CONCURRENCE VS TEAM COHESION IN YOUTH TEAMS
It was a while ago, when I was discussing with a trainer about the importance of a good team in youth sports – independently whether individual or team sports. The trainer was of the opinion that, in individual sports, higher concurrence within a team keeps the motivation and determination among the athletes high.
So which factors really keep young athletes' intrinsically motivated? Is the team important? Or are there other factors?
Coaches can involve their young athletes in two different ways. They can either focus on tasks, such as putting emphasise on learning new processes, improve their skills and focus on the effort, or focus on the individual athlete ("ego involving") – which means focussing on competitions, winning and comparing the athletes to each other.
If you're a coach, where do you see yourself?
We know studies that a task-involving climate among young athletes leads to more satisfaction. As the focus is put on the personal progress – how do they develop, what do they improve instead of being constantly compared to their peers, their actions are associated with more positive motivational, affective, and behavioural patterns compared to ego-involvement. This, in turn, leads to a higher intrinsic motivation in athletes when taking part in competitions and training. Young athletes in a task-involving climate tend to be even more self-aware, and to better resist and not giving up so quickly when failing e.g. in a competition.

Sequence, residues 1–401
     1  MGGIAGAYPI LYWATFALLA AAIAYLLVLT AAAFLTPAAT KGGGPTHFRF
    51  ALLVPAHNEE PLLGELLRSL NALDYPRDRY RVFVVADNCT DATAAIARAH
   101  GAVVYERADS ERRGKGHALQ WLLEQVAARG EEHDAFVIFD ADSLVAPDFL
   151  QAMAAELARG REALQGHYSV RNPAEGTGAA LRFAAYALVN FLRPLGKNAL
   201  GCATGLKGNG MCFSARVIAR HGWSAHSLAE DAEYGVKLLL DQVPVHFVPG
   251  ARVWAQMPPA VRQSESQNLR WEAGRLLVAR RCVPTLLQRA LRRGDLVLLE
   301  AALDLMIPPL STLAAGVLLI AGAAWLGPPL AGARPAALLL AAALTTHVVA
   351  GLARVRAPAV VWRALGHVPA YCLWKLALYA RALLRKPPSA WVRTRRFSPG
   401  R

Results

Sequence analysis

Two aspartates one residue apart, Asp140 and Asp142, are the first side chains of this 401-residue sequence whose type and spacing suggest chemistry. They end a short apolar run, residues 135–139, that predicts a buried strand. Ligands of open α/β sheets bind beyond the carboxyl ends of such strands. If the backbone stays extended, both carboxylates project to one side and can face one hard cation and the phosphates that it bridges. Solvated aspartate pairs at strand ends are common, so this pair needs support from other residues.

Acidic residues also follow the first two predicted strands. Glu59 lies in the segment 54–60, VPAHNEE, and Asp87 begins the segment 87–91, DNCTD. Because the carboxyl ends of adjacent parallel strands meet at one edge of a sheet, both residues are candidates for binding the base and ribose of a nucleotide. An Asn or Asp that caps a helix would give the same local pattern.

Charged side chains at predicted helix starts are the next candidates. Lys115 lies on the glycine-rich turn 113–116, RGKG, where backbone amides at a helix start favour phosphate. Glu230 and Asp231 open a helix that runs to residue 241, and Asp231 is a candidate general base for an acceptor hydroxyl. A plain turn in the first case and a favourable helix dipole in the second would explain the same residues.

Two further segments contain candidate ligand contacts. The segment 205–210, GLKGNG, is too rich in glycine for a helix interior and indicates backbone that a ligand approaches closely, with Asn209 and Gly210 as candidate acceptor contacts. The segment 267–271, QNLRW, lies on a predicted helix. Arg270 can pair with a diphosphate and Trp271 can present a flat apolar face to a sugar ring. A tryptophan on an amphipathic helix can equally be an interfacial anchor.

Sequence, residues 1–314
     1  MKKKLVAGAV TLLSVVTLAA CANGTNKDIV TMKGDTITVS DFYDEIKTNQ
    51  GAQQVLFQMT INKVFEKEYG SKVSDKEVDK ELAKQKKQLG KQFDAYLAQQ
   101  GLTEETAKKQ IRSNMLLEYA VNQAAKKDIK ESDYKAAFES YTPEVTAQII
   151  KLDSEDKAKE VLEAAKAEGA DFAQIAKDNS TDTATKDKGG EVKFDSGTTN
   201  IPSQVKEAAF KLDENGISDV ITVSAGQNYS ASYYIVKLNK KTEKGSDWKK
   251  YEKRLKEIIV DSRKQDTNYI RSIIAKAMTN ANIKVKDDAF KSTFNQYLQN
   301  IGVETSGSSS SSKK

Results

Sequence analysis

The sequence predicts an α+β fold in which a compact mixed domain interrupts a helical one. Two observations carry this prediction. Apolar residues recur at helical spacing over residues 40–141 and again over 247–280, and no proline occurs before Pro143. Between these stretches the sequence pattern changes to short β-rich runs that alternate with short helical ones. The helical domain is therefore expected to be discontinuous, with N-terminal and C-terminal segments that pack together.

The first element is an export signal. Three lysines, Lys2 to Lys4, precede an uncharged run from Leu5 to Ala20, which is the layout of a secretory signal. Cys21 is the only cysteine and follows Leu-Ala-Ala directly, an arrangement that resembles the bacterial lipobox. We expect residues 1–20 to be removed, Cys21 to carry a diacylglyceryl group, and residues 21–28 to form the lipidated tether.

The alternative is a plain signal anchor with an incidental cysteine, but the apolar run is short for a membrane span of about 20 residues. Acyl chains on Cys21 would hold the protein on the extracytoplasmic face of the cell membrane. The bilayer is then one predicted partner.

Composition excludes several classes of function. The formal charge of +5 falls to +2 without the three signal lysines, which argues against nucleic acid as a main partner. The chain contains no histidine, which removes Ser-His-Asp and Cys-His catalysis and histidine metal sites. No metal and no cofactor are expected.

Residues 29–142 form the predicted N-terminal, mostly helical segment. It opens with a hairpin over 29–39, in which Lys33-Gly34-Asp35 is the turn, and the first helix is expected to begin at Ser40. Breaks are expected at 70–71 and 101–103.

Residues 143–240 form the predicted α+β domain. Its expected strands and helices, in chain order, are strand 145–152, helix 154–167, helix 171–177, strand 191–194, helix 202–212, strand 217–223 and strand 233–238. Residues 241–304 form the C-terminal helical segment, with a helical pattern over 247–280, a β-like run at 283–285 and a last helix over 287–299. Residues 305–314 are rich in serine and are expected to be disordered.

Which other factors keep young athletes motivated?
Coaches also influence their athletes by supporting autonomy and recognising effort and improvement. Young athletes who perceive their coaches' focus on the improvement of skills are more likely to try their hardest and to cooperate with team members. Also, a climate where athletes feel like they belong to the team fosters intrinsic motivation.
Thinking about it, would you rather want to be appreciated by your results or by your effort you put into training and your individual improvement? Well, we all know that it's not possible to control your competition outcomes for 100%...
Fostering autonomy as a coach as well as collaboration and improvement create a peer motivational climate which, once again, fosters athletes' intrinsic motivation toward the sport. The higher our intrinsic motivation towards something, the longer we stick to it. Relationships between athletes and coaches as well as between the athletes support the formation of a stable and strong motivational climate. This, again, fosters intrinsic motivation, as athletes invest both time and effort in a sport to acquire the necessary skills for its own sake.
To sum it up, if we are thinking in the longterm, it can be helpful to foster a task-involving climate and intrinsically motivated team – independently of whether it's an individual or team sport. Don't we all want our athletes to do their sport for as long and as motivated as possible?
Well, at this point it should be said that being a coach is a hard job – at the end of the day, you're rated by results your athletes' achieve – a factor that we all know cannot be controlled as competition results underlie many different factors and (un)controllable variables. However, if we are able to provide the best possible environment for development, training and team cohesion, we might be able to increase the chance for athletes to achieve better results…
What's your opinion on this topic? What experiences have you made – both as a coach or as an athlete in a team? Leave a comment below.